That's the basic bio, there's a fair bit more on the Thomas Foggerty thread at How's gaff.
http://www.jtrforums.com/showthread....ogarty&page=40

I'm sure everyone is aware of how problematic a witness Pearly Poll was. Tom Wescott covers her performance during the Tabram investigation and inquest in detail in The Bank Holiday Murders. The impression I got when reading the book was that Tom believed Poll was an agent of a grand conspiracy involving the 'Lords of Spitalfields', William Thick and other more shadowy figures. That never sat well with me and given the binary choice between Poll being that kind of agent or a ditzy, alcoholic tart, I'd plump for the ditz. But if there's a third option, that she was coerced into leading the police astray by a violent partner, that would seem equally plausible, if not more so.

One last thing. It was reported that on the morning of Annie Chapman's death a blind man of 'ungovernable temper' carried out a vicious daylight knife attack on his female guide near Spitalfields Market. He was eventually overpowered and disarmed by the crowd and his victim was taken first to Commercial Street Police station where she was seen by the police surgeon and then to the London Hospital. The story was covered by a few papers, but the details, including the names of the attacker and his victim have not yet been discovered. There may have been more than one vicious blind beggar in the East End at the time, but not too many I wouldn't have thought.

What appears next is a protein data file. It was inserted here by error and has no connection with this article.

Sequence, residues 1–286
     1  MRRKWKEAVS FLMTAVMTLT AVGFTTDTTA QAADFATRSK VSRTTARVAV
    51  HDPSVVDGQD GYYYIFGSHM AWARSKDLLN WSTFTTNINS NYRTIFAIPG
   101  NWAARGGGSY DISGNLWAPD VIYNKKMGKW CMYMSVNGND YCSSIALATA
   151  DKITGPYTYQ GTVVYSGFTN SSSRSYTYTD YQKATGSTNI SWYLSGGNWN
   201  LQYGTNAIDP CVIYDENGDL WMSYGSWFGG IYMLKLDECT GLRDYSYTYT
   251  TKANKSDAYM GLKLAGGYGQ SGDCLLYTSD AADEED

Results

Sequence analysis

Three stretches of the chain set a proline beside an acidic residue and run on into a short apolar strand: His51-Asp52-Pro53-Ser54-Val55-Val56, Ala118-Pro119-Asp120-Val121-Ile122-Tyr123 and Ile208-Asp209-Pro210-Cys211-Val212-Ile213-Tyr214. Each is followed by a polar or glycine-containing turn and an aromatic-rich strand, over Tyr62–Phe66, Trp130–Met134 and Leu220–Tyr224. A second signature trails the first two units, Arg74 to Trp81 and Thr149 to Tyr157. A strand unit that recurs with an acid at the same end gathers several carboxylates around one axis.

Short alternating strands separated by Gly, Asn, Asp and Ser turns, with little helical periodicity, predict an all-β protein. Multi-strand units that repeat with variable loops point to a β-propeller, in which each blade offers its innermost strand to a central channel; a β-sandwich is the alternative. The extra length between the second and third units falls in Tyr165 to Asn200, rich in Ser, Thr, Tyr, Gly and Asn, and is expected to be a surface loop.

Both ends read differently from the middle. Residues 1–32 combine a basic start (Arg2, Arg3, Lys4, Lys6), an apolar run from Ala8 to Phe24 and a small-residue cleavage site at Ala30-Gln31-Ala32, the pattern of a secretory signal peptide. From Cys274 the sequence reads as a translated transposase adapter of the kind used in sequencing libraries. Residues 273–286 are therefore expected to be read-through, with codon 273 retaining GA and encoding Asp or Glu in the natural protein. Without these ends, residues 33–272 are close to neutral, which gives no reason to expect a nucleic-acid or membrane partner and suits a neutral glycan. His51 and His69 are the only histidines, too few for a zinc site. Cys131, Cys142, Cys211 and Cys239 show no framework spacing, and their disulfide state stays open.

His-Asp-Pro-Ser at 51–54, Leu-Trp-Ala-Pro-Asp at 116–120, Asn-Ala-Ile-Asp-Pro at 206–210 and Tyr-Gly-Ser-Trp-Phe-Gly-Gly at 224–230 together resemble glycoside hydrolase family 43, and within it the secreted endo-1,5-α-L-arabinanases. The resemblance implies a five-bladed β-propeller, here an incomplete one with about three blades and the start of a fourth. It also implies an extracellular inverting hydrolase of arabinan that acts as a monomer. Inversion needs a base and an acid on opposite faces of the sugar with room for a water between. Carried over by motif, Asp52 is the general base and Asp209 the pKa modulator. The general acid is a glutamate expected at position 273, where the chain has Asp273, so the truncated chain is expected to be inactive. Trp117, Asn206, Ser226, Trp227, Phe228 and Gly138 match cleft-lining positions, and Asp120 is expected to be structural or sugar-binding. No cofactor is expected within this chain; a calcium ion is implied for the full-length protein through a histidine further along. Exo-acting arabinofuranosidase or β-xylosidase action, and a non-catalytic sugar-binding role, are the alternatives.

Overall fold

Even if we could show Fogarty committed the attack, the evidence for his having murdered Tabram wouldn't be overwhelming. But if I was investigating the case at the time and had all this info at my disposal, I'd pull him in for questioning tout suite.

Edit: I forgot to mention that between his early prison terms and winding up blind in NE Passage Foggy (as I like to call him) was in the army. Now, what's the name of the sharp thing soldiers stick on the end of their rifles? Ah, yes, that's it - a bayonet...
Interesting post gary.
So many intriguing characters surround this case!
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  #1605  
Old 06-23-2018, 04:34 AM
MrBarnett MrBarnett is offline
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Originally Posted by Abby Normal View Post
Interesting post gary.
So many intriguing characters surround this case!
I agree, Abbey. And for me fleshing them out is a more satisfying pursuit than endlessly arguing the toss over the same old differences of opinion.

Going off at a tangent, it's just occurred to me while composing this is that I have photos of Foggy, Billy Maher and Stephen Maywood. None of the Tomkins brothers themselves, but one of a son of Robert Tomkins. And of course, there's the one of CAL in later life posing in his back garden. So many of the people we are concerned with are little more than names. Simple soul that I am, a picture paints a million words for me.

Maywood is an interesting character, first identified as living at 1, Breezers Hill by Neil Shelden. Any mention of BH acts like a magnet to me because my maternal grandmother was born there in 1896 (no. 3). It seems Maywood was there in 1887 when one of Charles Booth's researchers described him (unnamed) as a drover and suggested his house was a brothel. His main occupation was a horse/cattle dealer, though later in life he came into money and bought a succession of farms, a number of which mysteriously burned down.